September 25, 2012

733 words 4 mins read

Building a fantastic audio conferencing setup for the cheap

One of the most popular activities at any modern office office is the conference call. Of course as time and technology allows, the conference call has morphed into audio/video/web conferencing. When you’ve only got one person on each side of the “call”, it really doesn’t matter what hardware or software you use… or the call quality. Of course, it’s almost never just one person on a side and each person you add to the mix necessitates increased call quality in order to maintain a productive meeting. That means either buying an expensive finished solution… or doing it yourself.

It’s not that I’ve got anything against buying a nice finished solution, it’s just that sometimes that is not an option. Startups tend to be cash strapped or have an aversion to large single outlays of cash (with good reason) unless they are absolutely necessary. Additionally most of the “finished solutions” are end-to-end solutions which replace existing infrastructure rather than augmenting it.

In my particular case, I wanted something that improved the conference calls within the existing GoToMeeting environment we were using. If you’ve ever used GoToMeeting, you know that the VoIP audio is far better than calling in over the PSTN. So the project was computer based, and centered around improving input and output audio to the best possible extent.

Core/Computer — Mac Mini

This was going to be a permanently installed conferencing setup, and we’re a majority Mac shop… so a Mac Mini was the only logical answer. Just about everything in the hardware and business software areas will work equally well on Mac or PC. I could have saved a few dollars going with a PC, but I didn’t want to think about it.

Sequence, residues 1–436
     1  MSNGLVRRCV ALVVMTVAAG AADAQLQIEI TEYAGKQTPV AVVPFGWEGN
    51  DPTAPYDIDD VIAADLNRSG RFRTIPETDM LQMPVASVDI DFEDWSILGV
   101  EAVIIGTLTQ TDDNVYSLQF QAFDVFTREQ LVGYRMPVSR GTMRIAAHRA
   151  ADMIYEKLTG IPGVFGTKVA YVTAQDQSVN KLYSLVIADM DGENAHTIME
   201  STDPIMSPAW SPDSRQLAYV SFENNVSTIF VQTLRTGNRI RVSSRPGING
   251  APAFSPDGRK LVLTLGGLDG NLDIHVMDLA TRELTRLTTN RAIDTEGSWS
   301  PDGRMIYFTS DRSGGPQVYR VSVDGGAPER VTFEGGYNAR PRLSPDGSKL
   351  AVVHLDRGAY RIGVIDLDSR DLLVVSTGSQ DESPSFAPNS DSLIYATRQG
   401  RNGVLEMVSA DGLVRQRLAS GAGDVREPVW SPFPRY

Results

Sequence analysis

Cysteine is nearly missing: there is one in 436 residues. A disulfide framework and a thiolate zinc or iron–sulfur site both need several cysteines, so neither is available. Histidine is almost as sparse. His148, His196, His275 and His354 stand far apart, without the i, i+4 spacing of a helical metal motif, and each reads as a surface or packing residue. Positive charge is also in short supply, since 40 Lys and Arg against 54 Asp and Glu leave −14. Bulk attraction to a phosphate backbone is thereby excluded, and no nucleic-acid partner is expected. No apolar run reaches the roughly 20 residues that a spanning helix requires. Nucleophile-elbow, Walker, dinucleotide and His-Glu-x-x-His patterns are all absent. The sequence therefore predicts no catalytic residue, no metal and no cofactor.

Audio Output

Just about any speaker system will produce decent enough audio output. I was concerned that I may need to mount the speakers far removed from the computer, so I opted for something that didn’t require power for each speaker. I settled on an Onkyo HTX-22HDX Home Theater System. For about $250 this gives me a receiver, amp, subwoofer, two quality speakers, and the ability add more speakers later, should the need arise. Plus when the conference setup isn’t being used for its main purpose, it makes a great location to rock out!

Audio Input

The conference room this equipment was being installed into is decently sized. I wanted omnidirectional audio input that would allow people to sit around the conference table AND walk around the room while talking on the conference call… without needing to yell. No one wants to be on the other side of a call where it sounds like someone is shouting at you… even if that’s because they are simply trying to be heard. I overbuilt the input portion slightly because it is critical and a few extra dollars really shows in the finished product.

I decided upon two Blue Yeti Pro Microphones because I’ve used the Blue Yeti line before, and pros have XLR output. These two mic’s were put on either end of the conference table with XLR cables running back to a Behringer Xenyx Mixer. This mixer seemed like an insane choice, but it allowed for XLR input, extremely fine grained control of every aspect of the audio (which is exactly what I wanted), along with USB output to the Mac Mini.

Summary

Throwing together all the hardware only took an hour. Another hour or two to make everything look nice (it is a conference room after all) and finally a few hours to get all the audio configured exactly correctly. It took me only one evening but the end result was well worth it. The input audio (while tricky to get balanced “just so”) came through superbly clean no matter where in the room you stood, without having to yell. Plus it managed to cut most of the ambient noises that you didn’t want. The output audio was crisp and clear.

The big bosses used the setup for the first time and didn’t complain about the audio quality afterwards (they may have even been pleased by the setup) which counts as a huge win in my book for an off the cuff build. I’ve left the setup exactly as it was for the first call without any adjustments. Build it right the first time and you won’t need to dick with it again (well… until someone breaks it).